Head defends use of scooter permits at Worthing school

Children at the school on their scooters
Children at the school on their scooters

THE head teacher of a school which introduced training sessions to help pupils scoot more safely said he was surprised to learn the plans had been criticised.

Thomas A Becket Middle School started the lessons on the back of complaints that some students were scooter- ing unsafely.

The one-hour lessons for students who wanted to scoot to and from school combine practical skills, such as safe braking, and improving children’s road awareness.

Those who complete the sessions gain permits, which they need in order to be allowed to scoot to the school, in Glebeside Avenue.

But the idea drew criticism from the Daily Mail, which said parents had called the plans “unworkable”.

Head teacher John Gadd said he had been in France when he saw the Daily Mail article.

He said: “I was really surprised it went in that direction. If I’m being accused of being too concerned about the health and safety of children at the school then I’m happy with that.

“We had one or two complaints about small groups of older pupils about how they were scootering.

“There were concerns some of them weren’t paying enough attention to roads.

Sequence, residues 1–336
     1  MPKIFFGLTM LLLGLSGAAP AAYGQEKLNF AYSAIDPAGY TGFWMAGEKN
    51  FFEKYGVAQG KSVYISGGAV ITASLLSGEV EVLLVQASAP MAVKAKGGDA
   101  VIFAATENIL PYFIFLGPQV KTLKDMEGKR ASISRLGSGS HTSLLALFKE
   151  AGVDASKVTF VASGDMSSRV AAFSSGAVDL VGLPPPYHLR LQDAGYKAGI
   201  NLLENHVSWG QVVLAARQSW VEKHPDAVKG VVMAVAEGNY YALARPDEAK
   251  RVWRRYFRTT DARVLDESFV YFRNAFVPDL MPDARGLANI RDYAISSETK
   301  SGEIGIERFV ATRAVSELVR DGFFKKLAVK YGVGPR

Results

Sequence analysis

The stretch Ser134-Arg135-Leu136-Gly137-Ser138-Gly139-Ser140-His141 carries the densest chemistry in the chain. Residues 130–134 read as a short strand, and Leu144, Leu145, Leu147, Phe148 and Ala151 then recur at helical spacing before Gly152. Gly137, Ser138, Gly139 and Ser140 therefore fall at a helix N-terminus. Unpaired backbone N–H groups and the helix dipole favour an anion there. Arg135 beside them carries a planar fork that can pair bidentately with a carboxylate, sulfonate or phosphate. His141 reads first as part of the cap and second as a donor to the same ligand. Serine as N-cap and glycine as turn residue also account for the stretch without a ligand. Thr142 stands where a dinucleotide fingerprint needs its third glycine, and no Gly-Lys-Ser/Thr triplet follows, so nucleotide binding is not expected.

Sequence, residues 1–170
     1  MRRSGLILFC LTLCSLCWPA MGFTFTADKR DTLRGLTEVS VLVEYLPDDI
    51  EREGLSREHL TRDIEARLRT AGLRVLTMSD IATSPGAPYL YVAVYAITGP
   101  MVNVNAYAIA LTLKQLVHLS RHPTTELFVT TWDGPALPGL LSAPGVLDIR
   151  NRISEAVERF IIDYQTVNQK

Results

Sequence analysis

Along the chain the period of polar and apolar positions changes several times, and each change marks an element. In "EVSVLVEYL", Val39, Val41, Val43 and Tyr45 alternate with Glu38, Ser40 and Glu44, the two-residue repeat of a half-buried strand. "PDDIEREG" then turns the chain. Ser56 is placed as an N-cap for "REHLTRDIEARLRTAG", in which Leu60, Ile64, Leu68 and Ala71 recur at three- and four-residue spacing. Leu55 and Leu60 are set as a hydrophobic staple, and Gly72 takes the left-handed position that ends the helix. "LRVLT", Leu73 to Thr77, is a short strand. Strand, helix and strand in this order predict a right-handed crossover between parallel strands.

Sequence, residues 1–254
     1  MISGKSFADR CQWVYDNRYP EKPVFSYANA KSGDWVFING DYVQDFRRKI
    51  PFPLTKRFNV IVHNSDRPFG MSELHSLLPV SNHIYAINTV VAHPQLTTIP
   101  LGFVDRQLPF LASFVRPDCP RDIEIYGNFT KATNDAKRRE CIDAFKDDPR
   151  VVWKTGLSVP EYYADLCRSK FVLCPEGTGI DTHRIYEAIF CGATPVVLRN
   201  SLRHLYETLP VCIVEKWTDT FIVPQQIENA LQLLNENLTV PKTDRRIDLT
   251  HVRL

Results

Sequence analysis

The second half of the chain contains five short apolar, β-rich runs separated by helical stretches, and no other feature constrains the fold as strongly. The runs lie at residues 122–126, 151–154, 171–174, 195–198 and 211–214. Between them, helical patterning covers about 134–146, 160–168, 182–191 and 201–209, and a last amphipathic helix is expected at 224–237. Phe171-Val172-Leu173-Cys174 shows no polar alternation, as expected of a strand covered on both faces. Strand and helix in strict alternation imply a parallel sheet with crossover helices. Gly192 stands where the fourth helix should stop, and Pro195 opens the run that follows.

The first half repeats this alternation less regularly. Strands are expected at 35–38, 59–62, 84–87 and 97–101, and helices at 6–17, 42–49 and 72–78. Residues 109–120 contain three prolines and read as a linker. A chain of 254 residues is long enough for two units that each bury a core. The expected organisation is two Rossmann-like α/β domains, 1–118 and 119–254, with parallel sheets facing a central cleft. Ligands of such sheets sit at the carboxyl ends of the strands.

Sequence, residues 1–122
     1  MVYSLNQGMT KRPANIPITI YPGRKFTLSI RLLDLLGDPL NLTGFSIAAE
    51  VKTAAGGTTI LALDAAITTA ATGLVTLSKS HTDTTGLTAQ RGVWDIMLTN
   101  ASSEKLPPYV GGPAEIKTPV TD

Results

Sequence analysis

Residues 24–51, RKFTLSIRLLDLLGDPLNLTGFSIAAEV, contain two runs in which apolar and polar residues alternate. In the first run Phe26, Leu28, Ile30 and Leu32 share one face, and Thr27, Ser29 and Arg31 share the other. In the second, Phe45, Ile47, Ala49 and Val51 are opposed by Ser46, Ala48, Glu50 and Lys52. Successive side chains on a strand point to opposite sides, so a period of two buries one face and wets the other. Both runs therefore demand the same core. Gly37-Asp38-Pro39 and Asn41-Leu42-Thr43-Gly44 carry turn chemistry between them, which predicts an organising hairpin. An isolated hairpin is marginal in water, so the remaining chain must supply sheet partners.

“We started working with PSCOs and contacted the county council to get their scooter safety package for all the kids who wanted to scoot.”

The school started the classes in March, and so far more than 100 children have already gained their permits.

The classes are done every half-term, as and when children want to be able to scoot to school.

Contrary to other reports, Mr Gadd said PSCOs would not take away permits if they saw children scootering unsafely.

Instead, they will give them encouragement if the children are being careful and considerate and point out to them if they are not.

However, children could have their permits taken away by the school if they scootered unsafely, but Mr Gadd said that had not happened yet.

He added that since the plans had been introduced there had been no complaints and children had been scootering more safely.

He said: “The permit idea was about saying you have responsibility to make sure you are trained and safe and you have responsibility to scoot safely and be considerate to other people.

“I have no problem taking a permit away if you don’t want to scoot carefully.

“We haven’t had a single complaint and, God willing, we’ve had no accidents.

“The proof of its success has been in its results.”

Mr Gadd said the classes, which combine a mixture of classroom learning and practical training, had also been well received by students.

He added: “The children are being sensible about this and it’s a good, fun session for them.

“We spend an afternoon and the children have had a good time and learned a lot.

“The scootering seems to be much safer and we’ve had no complaints, and, touch wood, no accident.

“So hopefully, there’s the proof.”